From Generation to Generation

By Katie Moos

A fresh pot of coffee sat on the warmer. The door squeaked open and a stern, but sweet, “Snooooop” was called out. Grandpa Harley and his Chihuahua, Snoop, were here for their morning coffee, milk bone and a solid attempt to solve the world’s problems.

Harlan M. Van Dyke – Grandpa Harley to me – saw the day that Van Dyke’s Rice Dryer opened in 1930 and eighty-six rice harvests later, he and I agreed that A LOT has changed. To me, Grandpa Harley was someone who offered wisdom and a historic perspective of the tremendous changes that have occurred, not only with our business and industry over the generations. I was able to interview him a while ago to learn more.

Harlan purchased the dryer from his father in 1950 and, a few years later, added a seed facility, feed mill and began selling fertilizer and chemicals.

The original facility at Van Dyke’s Rice Dryer, Inc. had three rice bins, which are still in use today. Those bins held 15,000 hundredweight and could take about 45 loads a day, (on a big day), during the harvest season. Each load held around 100 sacks of rice. The rice came to the dryer in small trucks where it was dried, bagged and sent off to the port.

In 1978, Harlan retired and his son Jim Van Dyke purchased the dryer and began to expand. Today, the dryer houses 1.4 million hundredweight that is dried, stored and shipped all year. In the spring the dryer cleans, soaks and provides seed to farmers in the area and in the fall, receives paddy and seed rice to begin the drying process. It now has the ability to receive upwards of 120 loads a day, each load carrying around 600 sacks, if necessary.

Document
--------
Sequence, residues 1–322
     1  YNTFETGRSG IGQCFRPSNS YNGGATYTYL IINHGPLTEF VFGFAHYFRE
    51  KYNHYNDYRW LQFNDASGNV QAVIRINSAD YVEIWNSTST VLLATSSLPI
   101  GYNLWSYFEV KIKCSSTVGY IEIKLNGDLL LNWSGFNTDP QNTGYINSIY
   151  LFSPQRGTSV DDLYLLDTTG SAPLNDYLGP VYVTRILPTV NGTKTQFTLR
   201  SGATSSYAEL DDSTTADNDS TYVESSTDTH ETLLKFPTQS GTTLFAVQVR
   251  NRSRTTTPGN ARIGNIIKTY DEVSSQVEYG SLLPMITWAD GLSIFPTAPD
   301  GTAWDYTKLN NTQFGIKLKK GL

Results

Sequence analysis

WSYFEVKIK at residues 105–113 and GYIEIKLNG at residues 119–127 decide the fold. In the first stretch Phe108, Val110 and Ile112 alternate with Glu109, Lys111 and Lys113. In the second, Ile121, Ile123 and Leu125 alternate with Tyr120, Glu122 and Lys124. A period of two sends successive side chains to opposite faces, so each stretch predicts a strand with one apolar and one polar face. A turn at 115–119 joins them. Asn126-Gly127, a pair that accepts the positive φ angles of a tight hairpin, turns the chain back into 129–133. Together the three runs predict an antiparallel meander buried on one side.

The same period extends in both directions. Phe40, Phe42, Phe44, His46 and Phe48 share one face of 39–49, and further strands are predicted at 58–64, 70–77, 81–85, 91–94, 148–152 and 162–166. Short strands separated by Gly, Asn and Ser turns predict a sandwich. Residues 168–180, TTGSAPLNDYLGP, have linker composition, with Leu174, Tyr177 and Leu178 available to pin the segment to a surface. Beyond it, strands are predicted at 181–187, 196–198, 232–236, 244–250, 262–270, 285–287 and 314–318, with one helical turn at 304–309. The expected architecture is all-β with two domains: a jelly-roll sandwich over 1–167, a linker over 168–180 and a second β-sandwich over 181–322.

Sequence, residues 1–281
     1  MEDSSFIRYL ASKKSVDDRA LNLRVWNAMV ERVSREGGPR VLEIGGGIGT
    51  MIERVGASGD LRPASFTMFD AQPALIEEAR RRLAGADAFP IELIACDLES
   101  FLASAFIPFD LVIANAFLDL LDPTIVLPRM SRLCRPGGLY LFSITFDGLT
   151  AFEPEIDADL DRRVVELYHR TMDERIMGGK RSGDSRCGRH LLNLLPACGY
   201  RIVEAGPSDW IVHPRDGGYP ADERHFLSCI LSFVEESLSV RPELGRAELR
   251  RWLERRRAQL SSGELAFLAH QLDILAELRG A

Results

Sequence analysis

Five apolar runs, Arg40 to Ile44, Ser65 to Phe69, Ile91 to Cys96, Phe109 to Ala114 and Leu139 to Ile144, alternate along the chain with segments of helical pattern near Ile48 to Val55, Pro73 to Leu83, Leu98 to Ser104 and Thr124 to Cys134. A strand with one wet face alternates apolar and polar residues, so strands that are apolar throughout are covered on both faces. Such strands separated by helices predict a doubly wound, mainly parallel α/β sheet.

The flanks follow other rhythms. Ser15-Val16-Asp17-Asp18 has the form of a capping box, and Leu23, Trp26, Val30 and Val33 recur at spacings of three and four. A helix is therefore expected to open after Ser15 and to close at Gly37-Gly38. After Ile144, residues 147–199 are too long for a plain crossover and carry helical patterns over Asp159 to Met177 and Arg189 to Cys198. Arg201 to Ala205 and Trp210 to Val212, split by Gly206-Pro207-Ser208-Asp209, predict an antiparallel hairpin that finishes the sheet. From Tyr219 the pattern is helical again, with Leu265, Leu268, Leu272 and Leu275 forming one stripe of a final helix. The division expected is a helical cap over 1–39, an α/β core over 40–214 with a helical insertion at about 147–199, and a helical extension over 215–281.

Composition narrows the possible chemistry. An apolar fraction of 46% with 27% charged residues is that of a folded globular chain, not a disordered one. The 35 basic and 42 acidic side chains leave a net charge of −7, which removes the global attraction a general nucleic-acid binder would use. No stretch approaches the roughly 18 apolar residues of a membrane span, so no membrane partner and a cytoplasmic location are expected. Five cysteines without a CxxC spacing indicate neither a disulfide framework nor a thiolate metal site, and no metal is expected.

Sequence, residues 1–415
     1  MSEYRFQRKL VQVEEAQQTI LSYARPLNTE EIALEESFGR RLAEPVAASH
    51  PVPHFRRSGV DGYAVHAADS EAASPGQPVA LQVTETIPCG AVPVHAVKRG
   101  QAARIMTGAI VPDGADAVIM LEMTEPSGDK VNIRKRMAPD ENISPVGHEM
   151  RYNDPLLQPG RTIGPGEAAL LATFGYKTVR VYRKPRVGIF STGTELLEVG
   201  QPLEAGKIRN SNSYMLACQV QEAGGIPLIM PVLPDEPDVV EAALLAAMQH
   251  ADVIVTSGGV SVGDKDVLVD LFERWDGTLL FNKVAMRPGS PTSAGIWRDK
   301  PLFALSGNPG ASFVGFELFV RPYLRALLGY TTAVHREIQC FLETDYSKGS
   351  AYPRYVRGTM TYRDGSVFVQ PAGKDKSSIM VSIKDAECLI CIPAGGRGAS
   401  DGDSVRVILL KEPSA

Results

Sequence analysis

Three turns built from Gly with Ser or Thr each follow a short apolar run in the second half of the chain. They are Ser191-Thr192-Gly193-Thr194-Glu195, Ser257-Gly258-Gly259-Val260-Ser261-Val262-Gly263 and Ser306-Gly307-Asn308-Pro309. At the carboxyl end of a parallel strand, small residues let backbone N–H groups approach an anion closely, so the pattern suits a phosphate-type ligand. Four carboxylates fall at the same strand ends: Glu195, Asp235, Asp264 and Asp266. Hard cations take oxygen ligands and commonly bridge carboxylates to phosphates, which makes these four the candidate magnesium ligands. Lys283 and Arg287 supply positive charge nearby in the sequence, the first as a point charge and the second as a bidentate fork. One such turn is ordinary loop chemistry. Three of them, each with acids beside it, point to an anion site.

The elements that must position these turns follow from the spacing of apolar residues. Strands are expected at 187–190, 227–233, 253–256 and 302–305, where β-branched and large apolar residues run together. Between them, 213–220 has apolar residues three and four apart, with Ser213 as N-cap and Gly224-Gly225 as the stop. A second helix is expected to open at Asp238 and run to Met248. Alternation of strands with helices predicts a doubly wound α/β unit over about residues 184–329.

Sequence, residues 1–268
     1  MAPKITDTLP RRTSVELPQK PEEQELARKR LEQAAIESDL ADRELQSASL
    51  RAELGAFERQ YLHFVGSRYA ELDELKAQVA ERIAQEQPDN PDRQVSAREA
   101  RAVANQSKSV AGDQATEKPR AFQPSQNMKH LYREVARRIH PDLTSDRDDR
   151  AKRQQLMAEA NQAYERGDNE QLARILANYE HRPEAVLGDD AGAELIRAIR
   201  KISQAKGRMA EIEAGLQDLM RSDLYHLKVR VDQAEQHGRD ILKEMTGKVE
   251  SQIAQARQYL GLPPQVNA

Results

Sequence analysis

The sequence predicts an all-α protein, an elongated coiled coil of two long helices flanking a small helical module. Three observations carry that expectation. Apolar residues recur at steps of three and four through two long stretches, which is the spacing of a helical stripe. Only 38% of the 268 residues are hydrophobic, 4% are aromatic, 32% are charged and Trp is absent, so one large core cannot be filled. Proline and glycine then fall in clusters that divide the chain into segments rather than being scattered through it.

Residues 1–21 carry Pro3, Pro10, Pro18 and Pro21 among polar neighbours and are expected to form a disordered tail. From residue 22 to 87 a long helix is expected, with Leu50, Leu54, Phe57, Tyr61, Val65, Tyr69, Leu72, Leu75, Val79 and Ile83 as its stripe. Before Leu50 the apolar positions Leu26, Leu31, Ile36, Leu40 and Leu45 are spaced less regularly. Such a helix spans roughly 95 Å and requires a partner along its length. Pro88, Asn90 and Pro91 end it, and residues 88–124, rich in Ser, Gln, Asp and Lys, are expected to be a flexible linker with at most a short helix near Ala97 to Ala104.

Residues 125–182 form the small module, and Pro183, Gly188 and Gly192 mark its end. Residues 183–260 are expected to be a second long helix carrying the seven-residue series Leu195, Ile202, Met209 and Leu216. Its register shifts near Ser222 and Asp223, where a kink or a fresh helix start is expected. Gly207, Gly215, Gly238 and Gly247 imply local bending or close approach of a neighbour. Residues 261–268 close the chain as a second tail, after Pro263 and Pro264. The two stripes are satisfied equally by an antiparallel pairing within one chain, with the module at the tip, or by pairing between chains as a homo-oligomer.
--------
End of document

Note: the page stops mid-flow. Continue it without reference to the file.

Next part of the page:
Grandpa Harley passed away last December at the age of 94, leaving a lasting impression on many people in South Sutter County. The 2017 seed and harvest season will not be the same without planning his garden between trucks, chasing Snoop to the golf cart and, pursuing his ambitious ideas. Now a photograph sits atop his favorite chair, where he can continue watching his family build upon the foundation he provided.

From a young age, deep agricultural roots have been instilled in me. Growing up in South Sutter County, the heart of rice country, is a privilege most never see in a lifetime. As a college student studying international agriculture development, my goal is to continue developing agriculture production not only in the United States, but also in countries all over the world. I’m currently attending Sierra College and plan to transfer to UC Davis to finish my studies. I believe that the greatest aspect of agriculture is the ability to learn something new every day, and that is why I am an advocate for agriculture education.